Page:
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Pat Sajak on Twitter: 'global warming alarmists are unpatriotic racists'

Pat Sajak on Twitter: 'global warming alarmists are unpatriotic racists'
Pat Sajak on Twitter: 'global warming alarmists are unpatriotic racists'
Pat Sajak, Twitter

Celebrities often have no problem voicing their opinions on all matters when it comes to social media, and political opinions are no exception.

Longtime Wheel of Fortune host Pat Sajak got some people talking on Tuesday with a tweet aimed at what he called “global warming alarmists,” adding that he believes they are “unpatriotic racists knowingly misleading for their own ends.” Tell us how you really feel, Pat!

Some fellow Twitterers weren’t too taken with the comment, such as Al Jazeera America anchor David Shuster, who called on him to apologize for diminishing “the significance of actual racism.”

It’s worth mentioning that though Sajak is said to often tweet about that particular topic, he also often takes a tongue-in-cheek approach to his tweets (back in September, he and Fox News host Greg Gutfeld engaged in an amusing Twitter conversation disguised as a pretty snarky feud). When one person responded that he should have “thrown a bigot or vapid in there somewhere,” the host joked that there’s “only so much you can do within Twitter parameters.”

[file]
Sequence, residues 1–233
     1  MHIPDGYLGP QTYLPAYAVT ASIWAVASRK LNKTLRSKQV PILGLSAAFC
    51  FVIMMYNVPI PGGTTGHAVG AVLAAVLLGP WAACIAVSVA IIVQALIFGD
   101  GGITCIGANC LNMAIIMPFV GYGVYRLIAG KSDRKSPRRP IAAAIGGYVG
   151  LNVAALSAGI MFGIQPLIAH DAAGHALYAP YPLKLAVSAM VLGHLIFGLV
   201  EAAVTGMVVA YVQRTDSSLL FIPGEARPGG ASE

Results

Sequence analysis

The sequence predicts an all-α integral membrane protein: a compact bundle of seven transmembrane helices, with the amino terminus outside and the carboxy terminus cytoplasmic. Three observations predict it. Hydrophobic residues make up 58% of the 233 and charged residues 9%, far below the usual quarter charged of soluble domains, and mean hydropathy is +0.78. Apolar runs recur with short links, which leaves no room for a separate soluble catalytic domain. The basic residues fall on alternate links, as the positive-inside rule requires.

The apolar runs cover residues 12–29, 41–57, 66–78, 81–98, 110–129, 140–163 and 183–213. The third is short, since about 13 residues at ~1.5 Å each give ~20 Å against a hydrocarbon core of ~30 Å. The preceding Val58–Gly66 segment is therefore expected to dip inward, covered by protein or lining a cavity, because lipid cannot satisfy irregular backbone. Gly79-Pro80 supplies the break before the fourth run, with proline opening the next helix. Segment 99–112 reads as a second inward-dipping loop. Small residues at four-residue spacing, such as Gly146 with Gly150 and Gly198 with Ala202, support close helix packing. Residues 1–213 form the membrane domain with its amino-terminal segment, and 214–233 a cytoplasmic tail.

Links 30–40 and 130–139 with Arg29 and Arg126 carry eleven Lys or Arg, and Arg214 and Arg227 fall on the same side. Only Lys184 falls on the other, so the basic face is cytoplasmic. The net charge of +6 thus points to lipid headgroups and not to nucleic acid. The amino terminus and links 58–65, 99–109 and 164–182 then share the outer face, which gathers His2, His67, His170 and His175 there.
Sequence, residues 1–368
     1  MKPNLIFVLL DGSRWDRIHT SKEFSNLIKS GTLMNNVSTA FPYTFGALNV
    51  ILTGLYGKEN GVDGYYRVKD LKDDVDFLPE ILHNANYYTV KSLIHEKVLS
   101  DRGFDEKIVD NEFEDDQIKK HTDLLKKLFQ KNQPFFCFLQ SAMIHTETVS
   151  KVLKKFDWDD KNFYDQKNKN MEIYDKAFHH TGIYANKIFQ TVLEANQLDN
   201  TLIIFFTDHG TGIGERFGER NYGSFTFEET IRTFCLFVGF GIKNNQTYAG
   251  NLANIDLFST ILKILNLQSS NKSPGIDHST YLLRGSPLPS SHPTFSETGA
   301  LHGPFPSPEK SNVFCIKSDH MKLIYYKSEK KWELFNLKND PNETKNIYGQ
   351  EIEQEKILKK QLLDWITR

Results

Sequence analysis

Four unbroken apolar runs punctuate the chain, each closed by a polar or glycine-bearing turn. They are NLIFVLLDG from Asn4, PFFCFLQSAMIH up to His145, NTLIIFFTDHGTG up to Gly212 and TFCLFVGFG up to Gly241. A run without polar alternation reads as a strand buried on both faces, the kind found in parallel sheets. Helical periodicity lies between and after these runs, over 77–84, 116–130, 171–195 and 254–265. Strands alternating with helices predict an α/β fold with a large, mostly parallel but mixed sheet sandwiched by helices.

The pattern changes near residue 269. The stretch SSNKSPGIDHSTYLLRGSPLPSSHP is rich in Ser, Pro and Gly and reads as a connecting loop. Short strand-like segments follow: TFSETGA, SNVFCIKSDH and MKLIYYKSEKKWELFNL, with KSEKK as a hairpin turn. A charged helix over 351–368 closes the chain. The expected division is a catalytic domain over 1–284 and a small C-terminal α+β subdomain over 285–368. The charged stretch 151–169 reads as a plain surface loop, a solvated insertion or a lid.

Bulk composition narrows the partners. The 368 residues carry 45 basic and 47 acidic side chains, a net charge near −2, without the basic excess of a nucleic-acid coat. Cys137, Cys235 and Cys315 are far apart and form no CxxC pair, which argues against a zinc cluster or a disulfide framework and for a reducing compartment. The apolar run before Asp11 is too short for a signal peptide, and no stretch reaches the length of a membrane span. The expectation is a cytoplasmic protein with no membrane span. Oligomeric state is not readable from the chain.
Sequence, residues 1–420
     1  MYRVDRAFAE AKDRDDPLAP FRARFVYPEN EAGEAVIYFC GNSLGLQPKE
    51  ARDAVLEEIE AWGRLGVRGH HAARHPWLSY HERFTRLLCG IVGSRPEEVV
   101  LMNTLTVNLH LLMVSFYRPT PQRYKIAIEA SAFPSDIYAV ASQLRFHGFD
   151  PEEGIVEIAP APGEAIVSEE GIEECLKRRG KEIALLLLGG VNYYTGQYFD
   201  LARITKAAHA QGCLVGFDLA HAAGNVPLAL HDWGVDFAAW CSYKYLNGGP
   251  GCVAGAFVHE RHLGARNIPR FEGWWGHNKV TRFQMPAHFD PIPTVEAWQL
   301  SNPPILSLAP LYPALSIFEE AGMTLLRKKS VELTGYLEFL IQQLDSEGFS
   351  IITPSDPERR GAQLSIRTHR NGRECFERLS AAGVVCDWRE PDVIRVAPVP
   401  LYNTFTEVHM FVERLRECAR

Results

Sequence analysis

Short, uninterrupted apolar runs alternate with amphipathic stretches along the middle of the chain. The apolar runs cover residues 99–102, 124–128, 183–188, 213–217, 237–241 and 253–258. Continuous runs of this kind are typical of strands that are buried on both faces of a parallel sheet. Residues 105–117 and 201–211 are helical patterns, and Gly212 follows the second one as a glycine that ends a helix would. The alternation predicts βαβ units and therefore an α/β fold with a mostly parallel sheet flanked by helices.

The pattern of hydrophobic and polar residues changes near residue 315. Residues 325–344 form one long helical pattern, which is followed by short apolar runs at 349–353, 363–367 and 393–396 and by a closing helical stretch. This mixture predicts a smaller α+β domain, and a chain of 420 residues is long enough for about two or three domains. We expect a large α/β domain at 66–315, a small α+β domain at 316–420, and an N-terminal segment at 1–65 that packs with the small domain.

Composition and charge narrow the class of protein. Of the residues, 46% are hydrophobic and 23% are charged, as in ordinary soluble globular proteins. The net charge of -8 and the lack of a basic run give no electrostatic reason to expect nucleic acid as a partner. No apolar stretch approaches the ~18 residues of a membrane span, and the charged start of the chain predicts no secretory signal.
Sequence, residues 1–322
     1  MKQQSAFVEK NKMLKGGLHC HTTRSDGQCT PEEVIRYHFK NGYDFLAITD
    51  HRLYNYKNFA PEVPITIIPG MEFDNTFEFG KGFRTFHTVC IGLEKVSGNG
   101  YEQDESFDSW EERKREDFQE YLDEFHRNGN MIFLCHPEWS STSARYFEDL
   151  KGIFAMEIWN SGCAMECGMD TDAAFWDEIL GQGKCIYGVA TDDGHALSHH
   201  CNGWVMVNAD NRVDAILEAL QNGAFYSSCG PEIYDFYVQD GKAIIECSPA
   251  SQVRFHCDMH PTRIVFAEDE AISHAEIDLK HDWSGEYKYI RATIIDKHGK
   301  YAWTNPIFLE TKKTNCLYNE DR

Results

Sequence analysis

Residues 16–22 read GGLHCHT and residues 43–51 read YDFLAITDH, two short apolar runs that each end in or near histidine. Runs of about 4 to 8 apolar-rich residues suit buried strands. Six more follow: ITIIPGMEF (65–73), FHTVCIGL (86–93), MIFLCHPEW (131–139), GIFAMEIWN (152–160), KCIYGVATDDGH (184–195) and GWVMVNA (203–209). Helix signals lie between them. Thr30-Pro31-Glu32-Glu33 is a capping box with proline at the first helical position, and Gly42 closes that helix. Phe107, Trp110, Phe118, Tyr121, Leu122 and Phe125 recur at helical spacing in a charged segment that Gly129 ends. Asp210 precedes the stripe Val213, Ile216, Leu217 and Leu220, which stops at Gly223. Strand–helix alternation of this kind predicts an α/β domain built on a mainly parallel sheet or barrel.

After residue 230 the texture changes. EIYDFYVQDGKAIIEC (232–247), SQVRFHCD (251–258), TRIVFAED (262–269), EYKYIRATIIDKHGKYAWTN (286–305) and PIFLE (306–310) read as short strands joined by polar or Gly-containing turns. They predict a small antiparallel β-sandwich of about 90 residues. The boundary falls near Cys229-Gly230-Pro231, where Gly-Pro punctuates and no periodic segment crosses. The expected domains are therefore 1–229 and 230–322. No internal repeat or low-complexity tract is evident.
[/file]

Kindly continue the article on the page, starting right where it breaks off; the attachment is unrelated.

Zap2It reiterated this on Tuesday, noting that even if Sajak isn’t part of the group he calls “alarmist,” it’s a bit hard to tell just how serious the “unpatriotic racists” label was.

This afternoon, Sajak wrote that “sometimes it's fun to poke a stick in a hornets' nest just to hear the buzzing,” presumably a response to the buzz that his previous tweet had generated.

In another climate change-related story Tuesday, the Union of Concerned Scientists released a report saying that several national landmarks across the country could be put in jeopardy due to environmental factors related to climate change, such as rising sea levels and coastal erosion.

The report raises concern over landmarks in eight states--New York, Maryland, North Carolina, Florida, Texas, New Mexico, California, and Alaska--and classified icons such as the Statue of Liberty, Ellis Island, The Harriet Tubman National Monument, and the Johnson Space Center as “at-risk” due to increasing sea levels. Out west, landmarks such as California’s Cesar Chavez National Monument are said to be in danger as a result of wildfire, drought, and extreme heat.